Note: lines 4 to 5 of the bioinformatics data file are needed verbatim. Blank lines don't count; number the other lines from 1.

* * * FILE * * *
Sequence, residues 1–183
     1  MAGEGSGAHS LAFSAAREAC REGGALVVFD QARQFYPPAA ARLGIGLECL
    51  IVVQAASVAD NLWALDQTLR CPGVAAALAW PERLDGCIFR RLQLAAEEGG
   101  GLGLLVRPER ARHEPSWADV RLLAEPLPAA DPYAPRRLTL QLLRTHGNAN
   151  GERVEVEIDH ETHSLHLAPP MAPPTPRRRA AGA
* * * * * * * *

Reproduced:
   101  GLGLLVRPER ARHEPSWADV RLLAEPLPAA DPYAPRRLTL QLLRTHGNAN
   151  GERVEVEIDH ETHSLHLAPP MAPPTPRRRA AGA